I am under the impression that Filipino stick fighting, (like many other martial arts), would be quite useless against real, resisting opponents who don't go along with the Filipino stick fighting "choreography". For example in this video Peter Boghossian explains why he became disillusioned with eskrima: https://www.youtube.com/watch?v=WZvucbACmZQ&t=23m50s To cut a long story short, he considers the martial art to be fantasy-based, because all its practitioners train in a bubble in which none of the techniques are really put to the test. What is your perspective on this?

      What do you think about MMA? Does it teach us anything about what fighting techniques generally work and which generally don't?

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  3. Hi Daniel, thanks for the explanation and the link. I thought it was very interesting. I believe part of my "Why Martial Arts" post contains my thoughts:

    http://rejoiningthetao.blogspot.com/2016/01/why-martial-arts.html

    "I propose that the reasons to study martial arts occupy a spectrum of possibilities. At one end, practitioners emphasize spiritual and personal growth. Near the middle, many promote fitness and health benefits, plus general self defense. At the far end of the spectrum, some appeal to the extremely combative and life-preserving elements. For this group, the martial arts may be a lifestyle or a means of survival, whether as a police or corrections officer, an member of the armed forces or other protective details, a resident of a dangerous community, or a professional fighter."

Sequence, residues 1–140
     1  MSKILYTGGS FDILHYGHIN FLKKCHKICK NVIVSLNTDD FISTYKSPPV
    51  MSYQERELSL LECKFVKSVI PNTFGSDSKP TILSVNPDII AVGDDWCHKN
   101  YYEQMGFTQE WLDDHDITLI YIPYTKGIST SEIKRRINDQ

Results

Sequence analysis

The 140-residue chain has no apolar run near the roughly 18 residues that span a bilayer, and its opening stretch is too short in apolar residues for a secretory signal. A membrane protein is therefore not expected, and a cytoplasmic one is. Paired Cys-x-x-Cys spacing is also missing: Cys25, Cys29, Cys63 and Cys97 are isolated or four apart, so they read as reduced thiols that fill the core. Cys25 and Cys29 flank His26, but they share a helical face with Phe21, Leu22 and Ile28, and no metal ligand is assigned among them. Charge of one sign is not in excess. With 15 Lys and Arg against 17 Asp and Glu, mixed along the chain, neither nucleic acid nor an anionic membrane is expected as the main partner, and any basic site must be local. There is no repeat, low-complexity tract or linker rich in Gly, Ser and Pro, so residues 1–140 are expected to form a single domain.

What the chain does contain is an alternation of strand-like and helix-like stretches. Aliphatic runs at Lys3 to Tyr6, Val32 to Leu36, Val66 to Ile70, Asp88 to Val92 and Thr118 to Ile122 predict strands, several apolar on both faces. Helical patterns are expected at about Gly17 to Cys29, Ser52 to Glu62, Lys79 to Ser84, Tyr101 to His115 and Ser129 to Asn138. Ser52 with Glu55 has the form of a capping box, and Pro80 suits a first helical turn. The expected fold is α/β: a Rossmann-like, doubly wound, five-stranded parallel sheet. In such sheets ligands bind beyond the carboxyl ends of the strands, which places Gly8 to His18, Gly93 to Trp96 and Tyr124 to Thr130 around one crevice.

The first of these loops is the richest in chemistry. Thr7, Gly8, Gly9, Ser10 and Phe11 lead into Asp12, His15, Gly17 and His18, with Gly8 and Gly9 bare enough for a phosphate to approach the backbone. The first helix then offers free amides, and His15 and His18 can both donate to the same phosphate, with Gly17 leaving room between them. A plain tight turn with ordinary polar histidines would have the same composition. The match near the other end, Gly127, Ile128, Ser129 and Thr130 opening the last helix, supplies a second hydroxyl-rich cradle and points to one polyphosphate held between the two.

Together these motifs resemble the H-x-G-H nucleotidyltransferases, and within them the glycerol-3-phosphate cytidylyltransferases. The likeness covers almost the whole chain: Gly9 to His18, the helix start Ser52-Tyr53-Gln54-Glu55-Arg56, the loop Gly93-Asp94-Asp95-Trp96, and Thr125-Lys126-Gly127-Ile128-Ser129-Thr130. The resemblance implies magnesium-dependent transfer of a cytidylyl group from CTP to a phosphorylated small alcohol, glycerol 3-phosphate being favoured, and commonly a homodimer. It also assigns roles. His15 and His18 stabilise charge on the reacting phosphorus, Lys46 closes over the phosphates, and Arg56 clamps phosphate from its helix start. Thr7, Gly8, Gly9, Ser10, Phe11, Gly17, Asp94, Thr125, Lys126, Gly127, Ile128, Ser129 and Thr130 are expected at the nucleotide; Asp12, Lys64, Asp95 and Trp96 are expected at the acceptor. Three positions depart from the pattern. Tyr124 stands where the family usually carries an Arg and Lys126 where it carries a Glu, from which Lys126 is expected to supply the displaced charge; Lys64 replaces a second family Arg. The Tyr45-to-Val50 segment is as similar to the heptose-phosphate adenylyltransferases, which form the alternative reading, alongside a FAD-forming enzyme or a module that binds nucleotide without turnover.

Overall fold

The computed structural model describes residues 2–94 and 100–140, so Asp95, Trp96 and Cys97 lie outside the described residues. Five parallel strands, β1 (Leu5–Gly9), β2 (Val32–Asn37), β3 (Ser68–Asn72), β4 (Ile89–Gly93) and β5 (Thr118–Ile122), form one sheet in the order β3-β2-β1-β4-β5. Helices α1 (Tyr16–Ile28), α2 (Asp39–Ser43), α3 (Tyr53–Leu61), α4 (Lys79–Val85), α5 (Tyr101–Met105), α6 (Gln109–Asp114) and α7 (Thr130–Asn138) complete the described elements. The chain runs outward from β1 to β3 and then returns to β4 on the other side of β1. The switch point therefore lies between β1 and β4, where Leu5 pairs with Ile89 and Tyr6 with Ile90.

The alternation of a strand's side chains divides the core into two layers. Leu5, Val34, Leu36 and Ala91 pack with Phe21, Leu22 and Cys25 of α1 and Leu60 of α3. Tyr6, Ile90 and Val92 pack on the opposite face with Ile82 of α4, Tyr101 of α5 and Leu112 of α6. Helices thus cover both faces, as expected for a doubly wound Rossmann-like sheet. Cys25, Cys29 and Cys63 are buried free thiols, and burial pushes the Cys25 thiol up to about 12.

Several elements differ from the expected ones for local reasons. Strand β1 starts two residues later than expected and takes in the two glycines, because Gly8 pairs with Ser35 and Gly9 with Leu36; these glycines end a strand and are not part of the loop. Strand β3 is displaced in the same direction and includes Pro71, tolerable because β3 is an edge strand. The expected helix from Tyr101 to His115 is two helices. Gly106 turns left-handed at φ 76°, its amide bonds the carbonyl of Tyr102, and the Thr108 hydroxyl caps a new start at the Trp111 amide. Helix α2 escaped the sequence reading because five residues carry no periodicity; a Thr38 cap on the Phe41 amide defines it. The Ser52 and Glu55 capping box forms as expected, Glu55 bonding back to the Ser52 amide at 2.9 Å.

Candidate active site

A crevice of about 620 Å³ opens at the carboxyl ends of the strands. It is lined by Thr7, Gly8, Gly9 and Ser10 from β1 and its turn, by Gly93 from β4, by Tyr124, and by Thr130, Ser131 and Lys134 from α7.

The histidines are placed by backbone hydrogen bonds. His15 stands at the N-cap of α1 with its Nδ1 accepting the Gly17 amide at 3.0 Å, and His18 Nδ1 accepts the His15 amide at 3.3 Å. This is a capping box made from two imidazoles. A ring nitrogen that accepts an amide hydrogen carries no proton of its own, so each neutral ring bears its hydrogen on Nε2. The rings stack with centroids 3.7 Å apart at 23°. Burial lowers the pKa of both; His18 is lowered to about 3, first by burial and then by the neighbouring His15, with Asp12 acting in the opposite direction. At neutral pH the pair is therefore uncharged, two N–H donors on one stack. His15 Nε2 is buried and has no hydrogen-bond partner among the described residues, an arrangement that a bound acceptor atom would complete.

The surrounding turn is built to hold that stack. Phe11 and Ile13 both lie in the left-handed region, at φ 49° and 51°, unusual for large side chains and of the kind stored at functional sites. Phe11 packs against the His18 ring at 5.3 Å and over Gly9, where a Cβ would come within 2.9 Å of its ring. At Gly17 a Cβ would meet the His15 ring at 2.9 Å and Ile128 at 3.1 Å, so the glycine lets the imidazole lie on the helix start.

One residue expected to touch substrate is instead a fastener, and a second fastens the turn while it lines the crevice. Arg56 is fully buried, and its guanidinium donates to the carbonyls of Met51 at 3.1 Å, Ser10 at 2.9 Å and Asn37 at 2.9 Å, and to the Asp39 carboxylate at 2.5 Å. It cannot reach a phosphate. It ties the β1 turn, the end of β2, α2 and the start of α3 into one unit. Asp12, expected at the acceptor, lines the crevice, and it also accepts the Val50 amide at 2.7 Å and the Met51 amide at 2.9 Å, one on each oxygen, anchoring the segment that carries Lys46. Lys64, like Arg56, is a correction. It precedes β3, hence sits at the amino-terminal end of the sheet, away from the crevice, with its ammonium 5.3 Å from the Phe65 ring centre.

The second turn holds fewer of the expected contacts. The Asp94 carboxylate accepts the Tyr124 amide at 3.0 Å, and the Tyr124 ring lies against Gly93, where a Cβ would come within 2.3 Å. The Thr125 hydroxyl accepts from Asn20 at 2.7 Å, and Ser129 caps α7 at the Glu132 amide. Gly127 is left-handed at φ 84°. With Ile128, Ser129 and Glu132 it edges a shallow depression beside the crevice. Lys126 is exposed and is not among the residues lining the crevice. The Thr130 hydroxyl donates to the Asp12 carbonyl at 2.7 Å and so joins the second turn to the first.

In other words, you must match your expectations to your art. If you work on cultivating Chi and expect to blast an opponent with your invisible energy in a fight, you will lose. I agree with you there! If you practice Tai Chi for health benefits, and recognize that the combative aspect is minimal, then your expectations match the art, in my opinion.

    I think MMA gets closer to the "real world" situation, but not close enough to be considered "street reality." No one bites, claws, eye gouges, etc. in MMA, for the safety of the fighters and the prospects of the industry. That is good in my opinion. Does that mean MMA is the same is TKD point sparring? Absolutely not.

    Thanks again, and please remember this is one man's thoughts on a complex subject.

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    1. Thank you for your thoughful reply, it satisfied my curiosty nicely! I will be following your blog with interest :)